5. ^ The 11th International Biocuration Conference, April 08-11, 2018, Shanghai, China
  6. ^ Wodak, S. J.; Mietchen, D.; Collings, A. M.; Russell, R. B.; Bourne, P. E. (2012). "Topic Pages: PLoS Computational Biology Meets Wikipedia". PLoS Computational Biology. 8 (3): e1002446. doi:10.1371/journal.pcbi.1002446. PMC 3315447. PMID 22479174.
  7. ^ Finn, R. D.; Gardner, P. P.; Bateman, A. (2011). "Making your database available through Resource: The pros and cons". Nucleic Acids Research. 40 (Database issue): D9-12. doi:10.1093/nar/gkr1195. PMC 3245093. PMID 22144683.
  8. ^ Page, R. D. M. (2011). "Linking NCBI to Resource: A wiki-based approach". PLoS Currents. 3: RRN1228. doi:10.1371/currents.RRN1228. PMC 3080707. PMID 21516242.
  9. ^ Gardner, P. P.; Daub, J.; Tate, J.; Moore, B. L.; Osuch, I. H.; Griffiths-Jones, S.; Finn, R. D.; Nawrocki, E. P.; Kolbe, D. L.; Eddy, S. R.; Bateman, A. (2010). "Rfam: Wikipedia, clans and the "decimal" release". Nucleic Acids Research. 39 (Database issue): D141-D145. doi:10.1093/nar/gkq1129. PMC 3013711. PMID 21062808.
  10. ^ Daub, J.; Gardner, P. P.; Tate, J.; Ramsköld, D.; Manske, M.; Scott, W. G.; Weinberg, Z.; Griffiths-Jones, S.; Bateman, A. (2008). "The RNA WikiProject: Community annotation of RNA families". RNA. 14 (12): 2462-2464. doi:10.1261/rna.1200508. PMC 2590952. PMID 18945806.
  11. ^ Burkhardt, K.; Schneider, B.; Ory, J. (2006). "A Biocurator Perspective: Annotation at the Research Collaboratory for Structural Bioinformatics Protein Data Bank". PLoS Computational Biology. 2 (10): e99. doi:10.1371/journal.pcbi.0020099. PMC 1626146. PMID 17069453.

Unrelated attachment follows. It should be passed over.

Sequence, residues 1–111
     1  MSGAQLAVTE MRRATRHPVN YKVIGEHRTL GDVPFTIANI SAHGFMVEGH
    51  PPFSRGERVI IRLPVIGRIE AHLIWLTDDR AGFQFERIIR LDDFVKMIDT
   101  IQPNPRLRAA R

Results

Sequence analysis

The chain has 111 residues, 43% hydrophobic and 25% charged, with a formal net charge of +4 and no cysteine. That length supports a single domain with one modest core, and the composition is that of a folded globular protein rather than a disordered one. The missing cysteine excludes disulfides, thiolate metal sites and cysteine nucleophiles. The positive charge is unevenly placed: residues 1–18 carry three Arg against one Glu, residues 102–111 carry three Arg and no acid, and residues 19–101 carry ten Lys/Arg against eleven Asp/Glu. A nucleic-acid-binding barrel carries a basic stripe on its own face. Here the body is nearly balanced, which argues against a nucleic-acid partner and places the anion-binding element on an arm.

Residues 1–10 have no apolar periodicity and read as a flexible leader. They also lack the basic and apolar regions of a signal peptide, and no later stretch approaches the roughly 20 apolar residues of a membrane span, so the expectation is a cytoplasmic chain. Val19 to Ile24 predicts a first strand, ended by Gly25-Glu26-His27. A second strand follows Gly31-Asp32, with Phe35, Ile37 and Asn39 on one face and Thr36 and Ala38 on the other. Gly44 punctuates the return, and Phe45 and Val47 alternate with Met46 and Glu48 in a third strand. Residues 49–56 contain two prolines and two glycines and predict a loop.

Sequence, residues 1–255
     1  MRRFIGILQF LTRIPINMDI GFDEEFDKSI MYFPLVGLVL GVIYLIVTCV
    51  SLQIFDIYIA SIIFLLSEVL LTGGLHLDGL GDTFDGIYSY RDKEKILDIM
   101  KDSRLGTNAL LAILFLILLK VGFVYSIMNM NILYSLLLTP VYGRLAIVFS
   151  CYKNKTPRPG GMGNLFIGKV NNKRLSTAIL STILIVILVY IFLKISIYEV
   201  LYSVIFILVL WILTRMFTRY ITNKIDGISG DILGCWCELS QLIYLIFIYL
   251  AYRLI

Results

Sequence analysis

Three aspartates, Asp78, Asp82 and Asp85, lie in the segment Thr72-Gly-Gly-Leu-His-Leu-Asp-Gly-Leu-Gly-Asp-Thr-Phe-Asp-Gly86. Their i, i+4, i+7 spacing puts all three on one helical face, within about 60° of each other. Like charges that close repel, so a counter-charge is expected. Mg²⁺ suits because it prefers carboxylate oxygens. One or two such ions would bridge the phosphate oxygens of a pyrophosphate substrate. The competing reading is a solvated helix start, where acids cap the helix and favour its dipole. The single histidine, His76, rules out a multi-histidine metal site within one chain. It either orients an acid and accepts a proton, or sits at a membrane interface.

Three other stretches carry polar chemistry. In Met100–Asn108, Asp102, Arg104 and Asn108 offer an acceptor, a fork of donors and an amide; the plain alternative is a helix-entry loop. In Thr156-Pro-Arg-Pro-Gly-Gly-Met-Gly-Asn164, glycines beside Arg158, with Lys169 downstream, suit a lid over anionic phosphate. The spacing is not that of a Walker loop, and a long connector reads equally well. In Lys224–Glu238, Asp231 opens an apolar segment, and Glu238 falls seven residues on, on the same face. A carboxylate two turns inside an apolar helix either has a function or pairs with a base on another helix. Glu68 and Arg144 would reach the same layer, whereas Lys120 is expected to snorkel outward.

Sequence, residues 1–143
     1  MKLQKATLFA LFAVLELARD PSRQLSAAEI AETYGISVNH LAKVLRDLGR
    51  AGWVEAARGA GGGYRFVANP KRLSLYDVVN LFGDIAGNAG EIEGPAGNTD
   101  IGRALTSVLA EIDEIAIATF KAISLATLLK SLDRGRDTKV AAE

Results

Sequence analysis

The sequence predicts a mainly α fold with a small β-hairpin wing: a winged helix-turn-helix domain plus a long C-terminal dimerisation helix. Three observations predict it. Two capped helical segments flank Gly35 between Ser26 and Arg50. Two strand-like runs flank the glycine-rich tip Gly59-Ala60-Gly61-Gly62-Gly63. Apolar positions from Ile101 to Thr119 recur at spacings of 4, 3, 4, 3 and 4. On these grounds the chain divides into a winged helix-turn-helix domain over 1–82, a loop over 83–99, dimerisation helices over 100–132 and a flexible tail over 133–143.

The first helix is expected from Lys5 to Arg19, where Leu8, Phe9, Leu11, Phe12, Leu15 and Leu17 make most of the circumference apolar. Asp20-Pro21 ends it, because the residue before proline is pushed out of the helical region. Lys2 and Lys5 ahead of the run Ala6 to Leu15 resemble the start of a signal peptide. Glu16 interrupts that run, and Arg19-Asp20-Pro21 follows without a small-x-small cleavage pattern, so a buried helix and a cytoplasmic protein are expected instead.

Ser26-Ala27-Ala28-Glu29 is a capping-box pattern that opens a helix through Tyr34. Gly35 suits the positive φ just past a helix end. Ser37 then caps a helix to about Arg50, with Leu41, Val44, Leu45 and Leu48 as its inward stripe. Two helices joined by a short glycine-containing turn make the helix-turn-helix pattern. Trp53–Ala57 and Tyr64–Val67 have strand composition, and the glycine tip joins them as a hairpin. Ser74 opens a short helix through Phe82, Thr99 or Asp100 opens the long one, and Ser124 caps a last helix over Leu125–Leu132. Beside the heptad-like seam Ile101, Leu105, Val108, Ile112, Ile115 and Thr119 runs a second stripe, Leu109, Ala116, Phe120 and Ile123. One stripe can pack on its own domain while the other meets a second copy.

12. ^ Logan, D. W.; Sandal, M.; Gardner, P. P.; Manske, M.; Bateman, A. (2010). "Ten Simple Rules for Editing Wikipedia". PLOS Computational Biology. 6 (9): e1000941. doi:10.1371/journal.pcbi.1000941. PMC 2947980. PMID access
  13. ^ Butler, D. (2008). "Publish in resource or perish: Journal to require authors to post in the free online encyclopaedia". Nature. doi:10.1038/news.2008.1312.
  14. ^ Hirschman, L; Burns, G. A.; Krallinger, M; Arighi, C; Cohen, K. B.; Valencia, A; Wu, C. H.; Chatr-Aryamontri, A; Dowell, K. G.; Huala, E; Lourenço, A; Nash, R; Veuthey, A. L.; Wiegers, T; Winter, A. G. (2012). "Text mining for the biocuration workflow". Database. 2012: bas020. doi:10.1093/database/bas020. PMC 3328793. PMID 22513129.
  15. ^ Dai, L.; Tian, M.; Wu, J.; Xiao, J.; Wang, X.; Townsend, J. P.; Zhang, Z. (2013). "AuthorReward: Increasing community curation in biological knowledge wikis through automated authorship quantification". Bioinformatics. 29 (14): 1837-1839. doi:10.1093/bioinformatics/btt284. PMC 3702255. PMID 23732274.
  16. ^ Stolovitzky, Gustavo; Sam Ansari; Jean Binder; Stephanie Boue; Anselmo Di Fabio; William Hayes; Julia Hoeng; Anita Iskandar; Robin Kleiman; Raquel Norel; Bruce O'Neel; Manuel C. Peitsch; Carine Poussin; Dexter Pratt; Kahn Rhrissorrakrai; Walter K. Schlage; Marja Talikka (10 Oct 2013). "On Crowd-verification of Biological Networks". Bioinformatics and Biology Insights. 7: BBI.S12932. doi:10.4137/BBI.S12932. PMC 3798292.